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Wetlands of international importance. Buir lake

Buir Lake is the largest lake in Eastern Mongolia. The lake and its surrounding wetlands are highly important for the migratory birds located along East Asian-Australian flyway route. In addition, the Lake Buir is abundant by fish stocks so that it has economic importance for local communities.
Buir Lake and its surrounding wetlands was officially listed as the Ramsar site on March 22, 2004 as they met the first six out of nine criteria for designation and inclusion of areas in the Ramsar Convention List.

buir nuur_Ramsar-map.jpg

A key threat to Buir Lake and its surrounding wetlands is fishing. Breeding ground in Buir Lake is relatively small, but it overlaps with fishing ground. Populations of game fish species have declined due to catching and hunting of the species during their breeding seasons. In addition, game fish species populations have become dominate by juveniles in terms of their ages and body sizes of the game species become smaller represented that they are being affected by bio-ecological changes. Large amounts of fish, water birds, Gammarus lacustris, mosquito larvae, and other benthic plants and organisms including mollusks are caught and destroyed by the fish nets put and
abandoned in the Lake. Besides, eutrophication takes place in the Lake’s bottom due to the household wastes leftover and entering the Lake. Also, benthic sediments and plants are harvested by fish nets that made aquatic plant roots loosen and removed; consequently loosen and removed plants are pushed by water into outer edges of the Lake. Remnants of these accumulated materials and swamps increasingly appear in outer edges of the Lake.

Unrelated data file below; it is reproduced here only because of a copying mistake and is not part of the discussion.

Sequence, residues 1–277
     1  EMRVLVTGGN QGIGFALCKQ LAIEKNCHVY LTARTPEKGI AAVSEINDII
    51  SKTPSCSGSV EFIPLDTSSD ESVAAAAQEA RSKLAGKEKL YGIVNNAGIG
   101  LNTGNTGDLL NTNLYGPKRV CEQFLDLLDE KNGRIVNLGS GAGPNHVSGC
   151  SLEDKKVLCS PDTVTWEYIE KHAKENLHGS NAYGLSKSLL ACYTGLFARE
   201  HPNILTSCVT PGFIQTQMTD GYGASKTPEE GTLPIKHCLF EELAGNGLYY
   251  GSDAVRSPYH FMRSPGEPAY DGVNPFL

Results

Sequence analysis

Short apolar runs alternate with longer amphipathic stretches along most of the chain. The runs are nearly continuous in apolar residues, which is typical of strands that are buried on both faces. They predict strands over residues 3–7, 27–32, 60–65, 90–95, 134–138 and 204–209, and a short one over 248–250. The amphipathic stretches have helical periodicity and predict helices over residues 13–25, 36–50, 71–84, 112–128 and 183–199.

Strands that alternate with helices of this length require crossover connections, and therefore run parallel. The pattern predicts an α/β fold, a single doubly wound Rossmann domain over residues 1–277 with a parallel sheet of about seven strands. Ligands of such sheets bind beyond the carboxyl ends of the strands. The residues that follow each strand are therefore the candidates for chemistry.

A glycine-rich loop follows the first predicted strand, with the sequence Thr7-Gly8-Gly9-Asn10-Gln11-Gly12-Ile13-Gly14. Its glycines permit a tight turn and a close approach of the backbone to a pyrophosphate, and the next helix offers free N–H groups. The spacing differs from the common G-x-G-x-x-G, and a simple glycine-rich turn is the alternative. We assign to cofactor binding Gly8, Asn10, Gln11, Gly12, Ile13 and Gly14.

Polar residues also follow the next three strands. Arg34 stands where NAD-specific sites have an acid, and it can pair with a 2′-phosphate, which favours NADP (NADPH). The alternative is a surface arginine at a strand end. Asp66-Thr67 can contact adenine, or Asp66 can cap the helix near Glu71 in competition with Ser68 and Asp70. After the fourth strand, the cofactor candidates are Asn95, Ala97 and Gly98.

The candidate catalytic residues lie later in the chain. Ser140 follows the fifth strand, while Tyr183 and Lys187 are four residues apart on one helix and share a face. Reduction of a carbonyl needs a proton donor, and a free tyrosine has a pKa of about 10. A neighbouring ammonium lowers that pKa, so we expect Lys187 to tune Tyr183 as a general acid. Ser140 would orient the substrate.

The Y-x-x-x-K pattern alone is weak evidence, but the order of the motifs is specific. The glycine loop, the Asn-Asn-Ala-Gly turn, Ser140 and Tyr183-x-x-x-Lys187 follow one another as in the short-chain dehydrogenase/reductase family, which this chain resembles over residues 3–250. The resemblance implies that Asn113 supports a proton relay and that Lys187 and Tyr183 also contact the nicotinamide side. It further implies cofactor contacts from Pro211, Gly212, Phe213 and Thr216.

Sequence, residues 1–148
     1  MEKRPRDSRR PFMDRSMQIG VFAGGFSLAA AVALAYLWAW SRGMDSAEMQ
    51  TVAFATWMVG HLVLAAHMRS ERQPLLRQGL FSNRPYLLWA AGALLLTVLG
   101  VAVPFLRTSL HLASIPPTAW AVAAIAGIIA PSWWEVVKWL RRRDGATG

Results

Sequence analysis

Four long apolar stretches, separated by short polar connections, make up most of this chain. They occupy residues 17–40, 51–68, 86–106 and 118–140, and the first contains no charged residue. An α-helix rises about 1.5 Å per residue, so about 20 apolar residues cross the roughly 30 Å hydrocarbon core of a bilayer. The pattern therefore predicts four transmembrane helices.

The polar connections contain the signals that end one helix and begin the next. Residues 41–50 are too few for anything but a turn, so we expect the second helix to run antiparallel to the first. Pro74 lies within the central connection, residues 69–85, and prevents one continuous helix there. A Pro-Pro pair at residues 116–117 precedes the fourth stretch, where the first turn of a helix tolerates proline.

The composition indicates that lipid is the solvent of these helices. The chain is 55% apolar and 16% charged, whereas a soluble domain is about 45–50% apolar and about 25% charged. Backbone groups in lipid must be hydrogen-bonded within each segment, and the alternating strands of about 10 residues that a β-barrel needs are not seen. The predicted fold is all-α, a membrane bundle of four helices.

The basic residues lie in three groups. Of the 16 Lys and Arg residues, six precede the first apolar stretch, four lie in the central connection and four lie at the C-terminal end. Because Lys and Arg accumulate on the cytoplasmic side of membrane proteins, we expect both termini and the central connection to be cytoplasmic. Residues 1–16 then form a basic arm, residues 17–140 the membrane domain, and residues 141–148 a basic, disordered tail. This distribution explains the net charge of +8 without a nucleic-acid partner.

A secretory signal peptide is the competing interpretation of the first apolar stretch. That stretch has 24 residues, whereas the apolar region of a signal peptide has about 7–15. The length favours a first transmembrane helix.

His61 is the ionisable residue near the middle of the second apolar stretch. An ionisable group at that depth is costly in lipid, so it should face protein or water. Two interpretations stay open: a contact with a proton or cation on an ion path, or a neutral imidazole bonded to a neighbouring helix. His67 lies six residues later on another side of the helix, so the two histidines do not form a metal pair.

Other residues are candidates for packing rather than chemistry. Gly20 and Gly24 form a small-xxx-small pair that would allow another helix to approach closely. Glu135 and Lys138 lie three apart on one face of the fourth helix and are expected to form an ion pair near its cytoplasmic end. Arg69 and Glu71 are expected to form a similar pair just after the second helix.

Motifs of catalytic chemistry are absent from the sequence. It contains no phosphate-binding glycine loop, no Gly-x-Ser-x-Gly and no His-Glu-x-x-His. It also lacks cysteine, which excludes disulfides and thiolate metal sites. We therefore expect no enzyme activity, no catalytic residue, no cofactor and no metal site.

Lately, in average 7000 vacationers or holiday makers visited Buir Lake every travel season. As numbers of travelers and visitors were increased from year to year, the wastes leftover and earth roads along the Lake’s shore have been increasing.

Buir lake and its surrounding wetlands are under local protection and its daily conservation  is managed by the local government. Furthermore, Buir lake - Menen Steppe Basin Authority carries out conservation management in accordance with the Law on Water of Mongolia. 

Mongolia officially signed the Convention on Wetlands of International Importance especially as Waterfowl habitat on April 8, 1998 and became the 104th Contracting Party. The Contracting Parties to the Convention act as its policy making unit represented by the Governments of the countries signed. Thus, the officially recognized body representing Mongolia at the Ramsar Convention is the Ministry of Environment and Tourism.
As the Contracting Party to the Convention, Mongolia commits to implement the wetlands conservation management, submit its performance progress reports, and regularly take part in implementation of the Convention activities under its commitment to the Convention.


Authors: WWF Mongolia, 2021
File: buir-nuur_Ramsar.pdf